Of all the startups I talked to at Consensus, Decenturion was the most…outside the box. This startup has created its own “autonomous decentralized society” for blockchain entrepreneurs, investors, and enthusiasts. Decenturion issues Ethereum-based utility tokens and actual physical passports that get you into events around the world. Still not sure what it is? Well, the website describes Decenturion as “the first decentralized state with an economy supported by instruments of direct democracy. Residents do not pay taxes to the state, and all assets are distributed for free among residents.” Power to the people, I guess.
SALT Lending is a membership-based borrowing platform for blockchain-backed loans. SALT holds your crypto assets and pays out different fiat currencies, using KYC and AML screening and compliance measures. It’s a way to collateralize blockchain assets, manage repayments, and monitor activity without actually having to sell those coins you’d rather HODL onto.
BlockMedX is an e-prescribing and predictive analytics platform built on the Ethereum blockchain to combat prescription drug fraud and abuse. The Austin-based startup is taking a much more targeted approach than a lot of the holistic blockchain-based healthcare solutions out there and focusing in on the growing wave of electronic drug prescriptions. The platform manages for identity and security through an app for doctors and pharmacists to prescribe, fill, and manage prescriptions. The startup aims to be HIPAA-compliant and is running tests and getting ready to implement. BlockMedX is also launching a token sale this summer to raise additional funding.
Dominode is one of the more mature blockchain startups I came across; it does regulated identity management in industries like gambling, healthcare, and aviation. Based on a permissioned Ethereum blockchain, the Dominode app gives you a digital passport to securely share digital identity on multiple devices. The company is also working with LexisNexis on credentialed issuing and projects like a blockchain-based way to change doctors’ addresses in medical directories.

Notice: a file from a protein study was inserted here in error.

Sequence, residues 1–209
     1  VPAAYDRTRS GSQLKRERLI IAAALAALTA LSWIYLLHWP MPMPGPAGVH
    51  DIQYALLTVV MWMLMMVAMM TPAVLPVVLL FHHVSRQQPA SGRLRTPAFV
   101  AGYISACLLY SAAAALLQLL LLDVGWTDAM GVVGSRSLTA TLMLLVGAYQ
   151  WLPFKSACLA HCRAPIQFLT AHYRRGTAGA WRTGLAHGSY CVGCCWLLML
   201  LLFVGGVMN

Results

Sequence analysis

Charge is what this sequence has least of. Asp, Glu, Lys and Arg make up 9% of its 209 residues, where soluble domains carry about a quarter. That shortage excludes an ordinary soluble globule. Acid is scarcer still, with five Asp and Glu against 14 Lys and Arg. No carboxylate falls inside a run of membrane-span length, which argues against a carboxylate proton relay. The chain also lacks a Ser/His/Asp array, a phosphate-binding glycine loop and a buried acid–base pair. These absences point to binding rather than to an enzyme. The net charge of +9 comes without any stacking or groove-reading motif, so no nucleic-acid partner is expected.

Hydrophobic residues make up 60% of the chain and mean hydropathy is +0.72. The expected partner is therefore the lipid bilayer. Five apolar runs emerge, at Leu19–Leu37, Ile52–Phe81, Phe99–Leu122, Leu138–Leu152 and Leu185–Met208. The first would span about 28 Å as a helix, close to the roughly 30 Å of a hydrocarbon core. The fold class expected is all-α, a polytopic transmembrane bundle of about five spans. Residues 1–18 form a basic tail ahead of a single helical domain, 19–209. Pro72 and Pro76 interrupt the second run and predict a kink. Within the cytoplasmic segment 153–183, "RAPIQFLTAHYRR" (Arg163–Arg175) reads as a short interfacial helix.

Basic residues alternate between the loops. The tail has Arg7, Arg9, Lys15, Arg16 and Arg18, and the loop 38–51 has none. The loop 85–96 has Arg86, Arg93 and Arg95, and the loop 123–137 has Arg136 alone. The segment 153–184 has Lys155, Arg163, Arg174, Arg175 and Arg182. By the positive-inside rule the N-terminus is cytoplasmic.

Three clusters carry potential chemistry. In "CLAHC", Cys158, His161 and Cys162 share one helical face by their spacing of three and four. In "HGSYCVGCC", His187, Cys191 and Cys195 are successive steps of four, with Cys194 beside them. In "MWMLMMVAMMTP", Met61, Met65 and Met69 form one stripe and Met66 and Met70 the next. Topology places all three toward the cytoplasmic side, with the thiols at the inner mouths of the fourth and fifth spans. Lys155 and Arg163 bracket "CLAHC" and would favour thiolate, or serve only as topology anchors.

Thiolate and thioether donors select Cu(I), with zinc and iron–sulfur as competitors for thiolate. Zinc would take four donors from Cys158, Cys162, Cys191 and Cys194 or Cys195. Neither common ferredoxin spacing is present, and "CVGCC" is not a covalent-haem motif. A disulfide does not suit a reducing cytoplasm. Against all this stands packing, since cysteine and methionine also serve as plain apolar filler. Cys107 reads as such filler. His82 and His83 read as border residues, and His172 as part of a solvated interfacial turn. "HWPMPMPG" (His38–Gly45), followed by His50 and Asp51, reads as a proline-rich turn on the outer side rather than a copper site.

Enosi is an open-source community energy platform that lets consumers choose their energy sources, and manage electricity prices and usage with smart contracts through its blockchain-based portal. The Australian startup is launching an ICO to fund its platform, which uses tokens called JOULS to access the platform and manage regional energy needs without microgrids or incumbent energy partners.
Vevue is a peer-to-peer incentivized video network built on the Qtumblockchain where you earn tokens by uploading videos and answering nearby requests to create specific multimedia content. Vevue did an ICO in January and has a working web and mobile app with a token request system and a live map of nearby users. The startup is also holding the first ever blockchain-based film release this summer, premiering the indie comedy No Postage Necessary on the Vevue platform.
Hyperledger on the Future of Blockchain
For more, check out my interview with Hyperledger Executive Director Brian Behlendorf, who was at MWC for a keynote, and swung by PCMag’s studio for a wide-ranging discussion on blockchain.